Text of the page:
On appeal, Plaintiffs-Appellants argued that R.C. 2307.941 did not apply to the Adams case, since Mary Adams herself was never on Goodyear’s premises26. Plaintiffs-Appellants also asserted that the negligence claims were not governed by R.C. 2307.94127. Defendant-Appellee, along with various amicus curiae countered that Appellants’ position would render R.C. 2307.941 meaningless. The Court of Appeals, Eighth District agreed with Defendant-Appellee, and overruled assignment of error number 1, finding that Plaintiffs’ interpretation of R.C. 2307.941 would render the statute meaningless. The Court stated that in reading the statute as a whole, “it is clear that the focus is on the presence of asbestos on the premises, not the presence of the individual on the premises.” The Court thereafter held that because R.C. 2307.941 barred recovery for injury where the individual was not exposed to asbestos on the defendant’s property, Mary’s claims failed as a matter of law. The Court further stated that based on their analysis of R.C. 2307.941(A)(1), Goodyear did not owe Mary a duty of care since her exposure did not occur on Goodyear’s premises and therefore the negligence claim failed as a matter of law28.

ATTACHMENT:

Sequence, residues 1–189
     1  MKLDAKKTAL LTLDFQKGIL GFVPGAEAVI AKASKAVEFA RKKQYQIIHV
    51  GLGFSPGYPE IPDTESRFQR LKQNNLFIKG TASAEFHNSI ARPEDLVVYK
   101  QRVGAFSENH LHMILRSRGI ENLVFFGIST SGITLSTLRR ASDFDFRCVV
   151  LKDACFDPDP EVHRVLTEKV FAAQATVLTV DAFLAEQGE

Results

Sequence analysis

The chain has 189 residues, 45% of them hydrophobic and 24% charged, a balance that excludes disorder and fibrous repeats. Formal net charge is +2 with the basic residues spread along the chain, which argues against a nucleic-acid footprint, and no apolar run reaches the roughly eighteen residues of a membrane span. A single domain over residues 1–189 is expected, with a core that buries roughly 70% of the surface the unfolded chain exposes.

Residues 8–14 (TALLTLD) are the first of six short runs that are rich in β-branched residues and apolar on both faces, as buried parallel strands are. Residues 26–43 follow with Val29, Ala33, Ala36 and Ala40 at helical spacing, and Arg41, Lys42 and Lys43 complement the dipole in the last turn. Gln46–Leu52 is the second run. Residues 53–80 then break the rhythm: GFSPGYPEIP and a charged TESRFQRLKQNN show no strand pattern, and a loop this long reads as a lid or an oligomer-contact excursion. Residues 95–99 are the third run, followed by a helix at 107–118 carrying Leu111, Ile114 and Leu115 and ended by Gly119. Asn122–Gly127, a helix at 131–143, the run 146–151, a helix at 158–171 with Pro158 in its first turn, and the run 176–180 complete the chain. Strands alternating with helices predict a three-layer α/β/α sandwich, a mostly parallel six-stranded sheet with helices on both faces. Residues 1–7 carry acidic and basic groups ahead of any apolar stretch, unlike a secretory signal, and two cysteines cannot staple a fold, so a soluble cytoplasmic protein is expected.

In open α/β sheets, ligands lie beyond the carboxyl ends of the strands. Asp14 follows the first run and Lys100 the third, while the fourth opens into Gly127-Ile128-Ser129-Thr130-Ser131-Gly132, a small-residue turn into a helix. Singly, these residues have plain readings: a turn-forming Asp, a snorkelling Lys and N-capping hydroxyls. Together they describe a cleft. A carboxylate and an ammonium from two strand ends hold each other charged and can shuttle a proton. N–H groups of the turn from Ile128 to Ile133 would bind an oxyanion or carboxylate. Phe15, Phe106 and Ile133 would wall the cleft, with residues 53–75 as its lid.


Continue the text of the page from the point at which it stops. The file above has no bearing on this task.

Senate Bill 120